TIK Knits

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On Tuesday, we announced the winner of our Spring Knit-Along (congratulations again, poppylillious!), and gave you a clue about our next KAL. You see, part of the prize was Kate Davies new shawl pattern, A Hap For Harriet.

Our KALs so far have had us all working on the same pattern. This time is a bit different, because we’re focussing on a style rather than a pattern. A hap is a traditional type of Shetland shawl, originally intended for warm everyday wear and worked in relatively substantial yarn.

Haps are traditionally square in shape, with a centre panel in a simple stitch pattern (very often lovely squishy garter stitch). Around the square centre there’s a lacy border, often in feather and fan pattern. Our two samples are like this – Jacqui’s cream version is Jared Flood’s Tweed baby blanket and Lisa’s calm blue and neutral one is Gudrun Johnson’s Hansel. The original Hansel pattern features a third section, a pretty toothed edging, that was omitted in favour of an i-cord cast off in this case (this is one of the techniques that we’ll post a tutorial on during the course of the KAL).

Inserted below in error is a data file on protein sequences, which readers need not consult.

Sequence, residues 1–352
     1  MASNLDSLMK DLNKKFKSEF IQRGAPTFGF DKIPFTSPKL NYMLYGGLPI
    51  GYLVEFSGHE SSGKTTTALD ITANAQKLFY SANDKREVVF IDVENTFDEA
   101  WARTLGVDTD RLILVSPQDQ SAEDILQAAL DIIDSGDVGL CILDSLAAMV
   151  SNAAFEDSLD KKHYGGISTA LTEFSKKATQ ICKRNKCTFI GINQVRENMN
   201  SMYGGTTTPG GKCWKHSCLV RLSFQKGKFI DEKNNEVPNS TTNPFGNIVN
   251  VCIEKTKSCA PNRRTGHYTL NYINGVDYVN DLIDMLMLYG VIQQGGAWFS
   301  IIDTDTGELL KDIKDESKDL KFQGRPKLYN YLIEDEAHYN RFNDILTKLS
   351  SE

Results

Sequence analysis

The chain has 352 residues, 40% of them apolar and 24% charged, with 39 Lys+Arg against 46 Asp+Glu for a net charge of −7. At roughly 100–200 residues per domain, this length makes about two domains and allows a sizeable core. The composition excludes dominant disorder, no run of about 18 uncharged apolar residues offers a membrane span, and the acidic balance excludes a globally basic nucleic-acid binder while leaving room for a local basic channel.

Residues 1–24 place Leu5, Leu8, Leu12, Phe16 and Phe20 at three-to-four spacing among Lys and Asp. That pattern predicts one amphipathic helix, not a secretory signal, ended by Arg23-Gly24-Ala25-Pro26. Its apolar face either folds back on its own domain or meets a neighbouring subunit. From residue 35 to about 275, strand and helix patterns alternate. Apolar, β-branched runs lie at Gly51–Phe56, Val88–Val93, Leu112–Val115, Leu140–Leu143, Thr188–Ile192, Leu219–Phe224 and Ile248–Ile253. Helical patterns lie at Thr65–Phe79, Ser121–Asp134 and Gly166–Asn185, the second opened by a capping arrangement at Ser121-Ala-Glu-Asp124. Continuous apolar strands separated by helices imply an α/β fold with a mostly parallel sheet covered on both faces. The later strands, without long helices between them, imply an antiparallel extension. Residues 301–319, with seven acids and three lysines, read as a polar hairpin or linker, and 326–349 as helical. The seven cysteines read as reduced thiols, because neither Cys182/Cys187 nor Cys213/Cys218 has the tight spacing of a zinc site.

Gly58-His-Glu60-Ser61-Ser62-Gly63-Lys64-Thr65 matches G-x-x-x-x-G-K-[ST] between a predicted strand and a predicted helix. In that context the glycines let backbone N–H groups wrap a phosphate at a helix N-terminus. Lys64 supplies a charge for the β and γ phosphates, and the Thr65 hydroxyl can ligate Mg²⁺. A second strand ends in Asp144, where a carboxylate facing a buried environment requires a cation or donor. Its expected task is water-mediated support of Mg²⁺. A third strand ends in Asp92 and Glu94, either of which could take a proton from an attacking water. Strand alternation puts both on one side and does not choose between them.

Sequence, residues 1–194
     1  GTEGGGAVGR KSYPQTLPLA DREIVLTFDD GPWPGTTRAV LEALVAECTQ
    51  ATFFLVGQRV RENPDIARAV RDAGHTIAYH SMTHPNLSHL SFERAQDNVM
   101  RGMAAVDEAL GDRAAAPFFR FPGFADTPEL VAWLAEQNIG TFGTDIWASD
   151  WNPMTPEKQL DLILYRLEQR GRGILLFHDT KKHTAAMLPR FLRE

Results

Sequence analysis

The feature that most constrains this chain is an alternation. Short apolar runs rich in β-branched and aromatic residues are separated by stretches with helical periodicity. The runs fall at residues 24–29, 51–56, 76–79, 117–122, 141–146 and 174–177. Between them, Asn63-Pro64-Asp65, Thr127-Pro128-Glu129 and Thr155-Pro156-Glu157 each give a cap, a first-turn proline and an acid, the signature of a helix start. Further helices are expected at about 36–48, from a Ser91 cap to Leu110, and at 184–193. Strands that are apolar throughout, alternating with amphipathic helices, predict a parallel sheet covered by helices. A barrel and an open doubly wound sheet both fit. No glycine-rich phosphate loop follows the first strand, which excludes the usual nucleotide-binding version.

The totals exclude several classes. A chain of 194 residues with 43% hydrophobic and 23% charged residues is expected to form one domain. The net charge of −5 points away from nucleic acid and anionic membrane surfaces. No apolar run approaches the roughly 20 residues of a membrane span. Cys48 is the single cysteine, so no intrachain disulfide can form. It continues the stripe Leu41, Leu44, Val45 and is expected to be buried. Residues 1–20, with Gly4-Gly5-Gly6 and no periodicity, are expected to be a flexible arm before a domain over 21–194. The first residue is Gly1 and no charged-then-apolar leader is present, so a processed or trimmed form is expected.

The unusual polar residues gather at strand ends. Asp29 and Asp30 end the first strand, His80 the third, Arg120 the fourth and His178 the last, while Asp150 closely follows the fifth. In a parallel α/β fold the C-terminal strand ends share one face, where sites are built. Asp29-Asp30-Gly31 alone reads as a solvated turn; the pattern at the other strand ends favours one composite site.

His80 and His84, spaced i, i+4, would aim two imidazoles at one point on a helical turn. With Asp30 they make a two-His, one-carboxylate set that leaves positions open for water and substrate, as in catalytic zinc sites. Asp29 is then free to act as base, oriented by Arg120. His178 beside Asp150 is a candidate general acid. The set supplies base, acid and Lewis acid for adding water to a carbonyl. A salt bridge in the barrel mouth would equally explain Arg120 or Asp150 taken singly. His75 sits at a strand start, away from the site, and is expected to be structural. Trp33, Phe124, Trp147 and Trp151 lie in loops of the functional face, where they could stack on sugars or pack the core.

But nowadays there’s many, many variations on the theme – Kate Davies’ A Hap For Harriet is crescent-shaped, for instance, and Veera Välimäki’s ¾ Hap is three quarters of a square. You can use a hap as a wrap yourself, or a baby blanket, or a sofa throw, simply depending on the size you make. And there’s crochet versions too. Endless variation, and every single one gorgeous!

So our Hap KAL works like this: choose a hap pattern (you’ll find dozens of patterns at this Ravelry link) and join in the fun! When you’re purchasing the yarn for it, you’ll get a 10% discount. Just mention the Hap KAL in the shop or on the phone, and if you’re ordering online, use the code HAPKAL.